Review of Album: Night Dreamer by Wayne Shorter

Night Dreamer by Wayne Shorter (Blue Note BLP 4173)

Just the facts: Wayne Shorter, still dedicated to the tenor saxophone in 1964, brings together Lee Morgan on trumpet, McCoy Tyner on Piano, Reggie Workman on bass, and Elvin Jones on drums for his debut recording on Blue Note. Alfred Lion produced the album, which was recorded in the spring of 1964.

Initial Impressions: Most jazz enthusiasts quickly recognize that Wayne Shorter brings together John Coltrane’s rhythm section and Art Blakey’s horn section in this album. The album’s opening tune, Night Dreamer, comes to life with an expressive yet brief McCoy Tyner cadenza followed by an eight (8)-bar introduction by the rhythm section. During those brief moments, a little less thirty (30)-seconds, one might think they were listening to a Coltrane album; that feeling is quite palpable. But when the melody line starts, there is no confusing that Wayne Shorter is at the helm with his deep, rich, voice asserting a commanding presence.

Night Dreamer: Wayne Shorter’s improvisation over his proprietary changes in the sixteen (16)-bar  jazz waltz Night Dreamer seems more concentrated and less reliant on even his mild application of sheets of sound, which is a somewhat different (but not all that much differnt), approach from Shorter’s more linear and vertical playing in his change heavy and bop-focused Vee Jay Recordings.  While this tune is change heavy, Shorter seems to somewhat ignore them often relying on the blues scale and other forms of expressiveness to pass the time. Lee Morgan follows his lead, and McCoy Tyner nails the changes before handing it back to Shorter Shorter then reiterates a blues heavy emphasis before returning to the head, with him again soloing during a faded ending. In all, I had the feeling Shorter was playing over an underlying modal blues on this tune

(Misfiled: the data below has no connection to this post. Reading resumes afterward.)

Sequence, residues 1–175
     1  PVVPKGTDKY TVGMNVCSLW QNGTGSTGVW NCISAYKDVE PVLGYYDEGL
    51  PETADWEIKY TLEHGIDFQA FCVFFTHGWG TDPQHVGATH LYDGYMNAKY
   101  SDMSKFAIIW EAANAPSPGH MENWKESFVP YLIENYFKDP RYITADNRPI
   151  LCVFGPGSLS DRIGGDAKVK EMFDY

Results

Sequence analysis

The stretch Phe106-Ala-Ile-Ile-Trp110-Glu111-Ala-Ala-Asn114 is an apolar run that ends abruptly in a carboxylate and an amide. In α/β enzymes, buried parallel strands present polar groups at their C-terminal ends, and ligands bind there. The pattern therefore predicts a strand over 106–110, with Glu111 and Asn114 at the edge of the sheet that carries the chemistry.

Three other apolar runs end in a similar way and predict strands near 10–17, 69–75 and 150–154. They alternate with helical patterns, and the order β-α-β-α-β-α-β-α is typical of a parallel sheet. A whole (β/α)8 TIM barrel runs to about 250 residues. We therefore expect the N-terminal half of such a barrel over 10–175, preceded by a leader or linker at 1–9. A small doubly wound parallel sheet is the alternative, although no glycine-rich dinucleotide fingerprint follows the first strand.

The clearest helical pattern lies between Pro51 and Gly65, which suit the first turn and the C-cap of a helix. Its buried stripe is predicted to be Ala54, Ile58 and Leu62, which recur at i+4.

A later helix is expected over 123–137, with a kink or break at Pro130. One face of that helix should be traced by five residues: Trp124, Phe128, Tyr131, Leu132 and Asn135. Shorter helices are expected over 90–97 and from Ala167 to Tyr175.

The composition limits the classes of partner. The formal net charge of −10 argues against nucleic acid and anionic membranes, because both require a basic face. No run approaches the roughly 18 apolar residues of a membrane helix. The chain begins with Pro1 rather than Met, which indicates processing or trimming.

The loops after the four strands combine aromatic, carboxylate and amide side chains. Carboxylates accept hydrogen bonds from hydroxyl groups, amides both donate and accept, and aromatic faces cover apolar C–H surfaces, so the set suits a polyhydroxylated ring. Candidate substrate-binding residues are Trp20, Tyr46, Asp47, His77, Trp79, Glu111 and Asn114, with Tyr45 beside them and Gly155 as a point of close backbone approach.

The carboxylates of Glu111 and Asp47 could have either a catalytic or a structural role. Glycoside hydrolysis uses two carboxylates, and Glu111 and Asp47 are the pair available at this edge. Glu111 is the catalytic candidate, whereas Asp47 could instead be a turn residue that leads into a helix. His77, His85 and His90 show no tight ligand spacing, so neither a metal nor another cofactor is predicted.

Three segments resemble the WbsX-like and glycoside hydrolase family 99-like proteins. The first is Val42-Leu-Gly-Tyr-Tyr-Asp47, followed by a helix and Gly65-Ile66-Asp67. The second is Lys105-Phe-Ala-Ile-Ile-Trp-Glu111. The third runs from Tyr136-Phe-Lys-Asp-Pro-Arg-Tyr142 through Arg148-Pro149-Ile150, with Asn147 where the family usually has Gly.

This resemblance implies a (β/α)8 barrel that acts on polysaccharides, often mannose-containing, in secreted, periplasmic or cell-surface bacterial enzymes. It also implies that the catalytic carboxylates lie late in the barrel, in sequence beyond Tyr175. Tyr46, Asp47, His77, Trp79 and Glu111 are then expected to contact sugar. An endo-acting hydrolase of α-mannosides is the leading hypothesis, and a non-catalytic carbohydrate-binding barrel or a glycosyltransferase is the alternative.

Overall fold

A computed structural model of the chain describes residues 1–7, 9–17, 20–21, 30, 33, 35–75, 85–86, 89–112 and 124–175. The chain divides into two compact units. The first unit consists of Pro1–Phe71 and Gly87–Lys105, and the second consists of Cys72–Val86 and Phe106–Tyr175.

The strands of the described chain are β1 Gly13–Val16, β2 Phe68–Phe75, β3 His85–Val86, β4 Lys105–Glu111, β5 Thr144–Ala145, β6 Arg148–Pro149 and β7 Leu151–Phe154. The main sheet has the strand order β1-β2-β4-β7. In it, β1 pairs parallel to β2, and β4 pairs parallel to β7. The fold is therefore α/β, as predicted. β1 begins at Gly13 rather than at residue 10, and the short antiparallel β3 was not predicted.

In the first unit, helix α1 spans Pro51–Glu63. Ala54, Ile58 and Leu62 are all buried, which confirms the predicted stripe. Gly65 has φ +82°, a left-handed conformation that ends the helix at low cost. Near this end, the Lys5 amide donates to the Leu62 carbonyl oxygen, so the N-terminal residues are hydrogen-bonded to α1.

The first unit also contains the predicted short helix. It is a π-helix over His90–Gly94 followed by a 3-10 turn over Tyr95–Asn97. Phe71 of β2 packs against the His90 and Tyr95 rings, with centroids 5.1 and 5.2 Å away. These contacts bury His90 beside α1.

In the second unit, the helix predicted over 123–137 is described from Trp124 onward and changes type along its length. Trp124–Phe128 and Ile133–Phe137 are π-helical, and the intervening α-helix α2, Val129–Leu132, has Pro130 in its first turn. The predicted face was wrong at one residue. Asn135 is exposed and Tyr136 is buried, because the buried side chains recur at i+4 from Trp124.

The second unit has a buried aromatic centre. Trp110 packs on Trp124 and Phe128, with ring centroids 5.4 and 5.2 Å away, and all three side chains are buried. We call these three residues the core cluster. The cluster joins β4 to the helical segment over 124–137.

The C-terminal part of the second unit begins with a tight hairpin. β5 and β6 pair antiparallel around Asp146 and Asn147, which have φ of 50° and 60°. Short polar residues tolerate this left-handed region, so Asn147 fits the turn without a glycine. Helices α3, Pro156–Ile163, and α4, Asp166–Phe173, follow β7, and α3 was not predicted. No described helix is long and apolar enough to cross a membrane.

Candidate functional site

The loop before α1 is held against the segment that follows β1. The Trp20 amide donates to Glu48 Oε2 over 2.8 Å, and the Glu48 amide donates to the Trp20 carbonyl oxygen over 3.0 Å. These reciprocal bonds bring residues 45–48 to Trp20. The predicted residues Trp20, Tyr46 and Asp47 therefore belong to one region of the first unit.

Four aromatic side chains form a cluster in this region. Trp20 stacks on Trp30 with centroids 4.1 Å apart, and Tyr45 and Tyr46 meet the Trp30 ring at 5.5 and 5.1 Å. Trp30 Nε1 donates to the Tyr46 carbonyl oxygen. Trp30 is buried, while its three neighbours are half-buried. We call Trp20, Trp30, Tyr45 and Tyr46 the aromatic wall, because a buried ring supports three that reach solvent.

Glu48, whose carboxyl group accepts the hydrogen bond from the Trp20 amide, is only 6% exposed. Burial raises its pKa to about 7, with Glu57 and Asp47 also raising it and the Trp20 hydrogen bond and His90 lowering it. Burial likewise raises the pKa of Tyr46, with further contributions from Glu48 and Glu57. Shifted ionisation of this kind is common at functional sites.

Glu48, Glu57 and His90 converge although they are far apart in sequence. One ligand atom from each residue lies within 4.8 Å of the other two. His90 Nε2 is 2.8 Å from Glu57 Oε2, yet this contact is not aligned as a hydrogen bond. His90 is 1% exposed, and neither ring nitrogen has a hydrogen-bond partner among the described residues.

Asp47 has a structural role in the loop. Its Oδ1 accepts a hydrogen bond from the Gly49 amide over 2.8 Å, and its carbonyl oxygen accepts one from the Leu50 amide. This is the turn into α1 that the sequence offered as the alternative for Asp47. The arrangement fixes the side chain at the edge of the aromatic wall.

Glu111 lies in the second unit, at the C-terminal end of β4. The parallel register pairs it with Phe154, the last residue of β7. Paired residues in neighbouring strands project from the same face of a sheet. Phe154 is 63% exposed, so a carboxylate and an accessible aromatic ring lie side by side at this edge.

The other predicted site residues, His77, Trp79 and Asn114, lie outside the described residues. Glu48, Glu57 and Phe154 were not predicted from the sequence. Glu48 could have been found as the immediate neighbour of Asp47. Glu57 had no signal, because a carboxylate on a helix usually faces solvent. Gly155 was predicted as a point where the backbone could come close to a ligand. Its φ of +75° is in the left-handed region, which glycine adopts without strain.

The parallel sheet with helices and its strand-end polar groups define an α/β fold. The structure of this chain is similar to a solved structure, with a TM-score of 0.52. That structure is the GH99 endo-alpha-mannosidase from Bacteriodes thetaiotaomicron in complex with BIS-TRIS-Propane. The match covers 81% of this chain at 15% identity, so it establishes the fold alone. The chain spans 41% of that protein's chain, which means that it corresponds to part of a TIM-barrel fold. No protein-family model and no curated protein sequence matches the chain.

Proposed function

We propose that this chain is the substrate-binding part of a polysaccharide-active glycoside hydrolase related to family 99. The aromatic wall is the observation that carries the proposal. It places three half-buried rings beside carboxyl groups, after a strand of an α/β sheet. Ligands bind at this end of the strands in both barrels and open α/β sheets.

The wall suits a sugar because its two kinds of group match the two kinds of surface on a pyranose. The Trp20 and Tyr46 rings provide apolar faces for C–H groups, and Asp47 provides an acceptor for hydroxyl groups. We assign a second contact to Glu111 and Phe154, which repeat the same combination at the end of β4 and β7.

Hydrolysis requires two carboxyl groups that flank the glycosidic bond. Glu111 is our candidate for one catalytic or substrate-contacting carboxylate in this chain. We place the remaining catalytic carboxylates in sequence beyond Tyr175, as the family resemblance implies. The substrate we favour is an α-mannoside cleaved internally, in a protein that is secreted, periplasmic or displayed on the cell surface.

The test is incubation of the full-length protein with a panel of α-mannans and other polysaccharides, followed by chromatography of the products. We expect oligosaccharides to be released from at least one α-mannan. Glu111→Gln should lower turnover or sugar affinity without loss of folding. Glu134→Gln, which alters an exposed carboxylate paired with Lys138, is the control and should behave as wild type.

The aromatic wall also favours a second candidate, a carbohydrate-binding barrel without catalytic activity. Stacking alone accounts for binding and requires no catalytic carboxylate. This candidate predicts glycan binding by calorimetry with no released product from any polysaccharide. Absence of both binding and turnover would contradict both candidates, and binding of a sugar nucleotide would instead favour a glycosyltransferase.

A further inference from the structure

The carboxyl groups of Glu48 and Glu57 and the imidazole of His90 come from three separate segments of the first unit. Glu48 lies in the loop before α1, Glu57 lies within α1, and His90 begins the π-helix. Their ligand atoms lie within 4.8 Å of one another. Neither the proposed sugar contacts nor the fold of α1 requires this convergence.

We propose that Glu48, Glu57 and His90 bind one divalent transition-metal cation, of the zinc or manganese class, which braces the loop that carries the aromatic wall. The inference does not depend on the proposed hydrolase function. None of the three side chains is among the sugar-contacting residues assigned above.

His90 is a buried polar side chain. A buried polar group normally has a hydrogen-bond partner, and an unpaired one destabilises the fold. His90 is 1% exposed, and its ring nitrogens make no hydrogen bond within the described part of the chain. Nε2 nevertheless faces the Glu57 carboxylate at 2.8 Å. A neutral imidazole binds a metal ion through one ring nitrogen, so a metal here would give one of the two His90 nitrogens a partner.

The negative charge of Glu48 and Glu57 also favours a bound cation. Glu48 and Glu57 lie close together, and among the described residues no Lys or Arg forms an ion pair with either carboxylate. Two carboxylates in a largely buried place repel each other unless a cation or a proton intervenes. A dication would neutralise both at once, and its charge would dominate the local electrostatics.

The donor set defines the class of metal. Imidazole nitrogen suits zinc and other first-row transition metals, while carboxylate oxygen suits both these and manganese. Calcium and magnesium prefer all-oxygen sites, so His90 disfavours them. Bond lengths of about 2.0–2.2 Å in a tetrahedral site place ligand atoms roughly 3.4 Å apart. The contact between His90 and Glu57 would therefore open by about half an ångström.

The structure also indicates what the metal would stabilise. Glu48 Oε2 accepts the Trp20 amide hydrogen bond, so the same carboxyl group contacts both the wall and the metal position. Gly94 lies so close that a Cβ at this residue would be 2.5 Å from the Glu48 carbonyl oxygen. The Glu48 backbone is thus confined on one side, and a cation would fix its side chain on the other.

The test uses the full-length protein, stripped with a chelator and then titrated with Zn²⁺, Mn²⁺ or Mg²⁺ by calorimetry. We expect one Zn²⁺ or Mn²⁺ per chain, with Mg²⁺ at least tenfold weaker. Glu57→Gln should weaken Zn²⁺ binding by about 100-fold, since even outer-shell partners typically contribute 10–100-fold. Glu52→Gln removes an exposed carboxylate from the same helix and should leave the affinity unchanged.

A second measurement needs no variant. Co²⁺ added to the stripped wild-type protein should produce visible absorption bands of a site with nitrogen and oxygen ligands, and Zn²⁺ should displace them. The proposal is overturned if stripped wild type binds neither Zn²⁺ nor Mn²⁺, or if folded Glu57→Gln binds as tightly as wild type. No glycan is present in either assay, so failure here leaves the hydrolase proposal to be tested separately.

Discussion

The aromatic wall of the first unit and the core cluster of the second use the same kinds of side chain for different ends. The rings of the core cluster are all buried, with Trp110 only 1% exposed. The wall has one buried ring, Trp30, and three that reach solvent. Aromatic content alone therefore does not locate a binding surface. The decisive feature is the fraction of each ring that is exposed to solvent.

Oriental Folk SongThis is my second favorite tune (head) on the Night Dreamer album, but Shorter’s playing so blue’s heavy, I am wondering whether he thought Blue Note required him to play blue’s notes. It truly drives me nuts.

VirgoA rather tender and beautiful ballad with an endearing melody; both the composition and Shorter’s playing are gorgeous. Virgo is the absolute highlight of Night Dreamer. This tune definitely makes my playlist as a Shorter favorite.

Black Nile: Great bop head—Shorter’s composition is fantastic on this piece. After, Shorter solos, Morgan plays over the changes. I like Morgan’s improvisation on Black Nile better than Shorter’s. and McCoy Tyner and Elvin Jones are fantastic.

Charcoal Blues:If there is a gem in this tune, someone else will have find it for you if you don’t find it yourself. I'm not ready for it.

Armageddon: I like Armageddon. If I were listening to this album, absent Virgo and perhaps Oriental Folk Song having previously heard this one recording, I might be wishing for Armageddon. This tune reminds me of the music that might be played in one of those 1960s or early 1970s police shows while the patrol car is driving through the streets of Los Angeles. Shorter’s solo is pretty flowing and fits the piece nicely.

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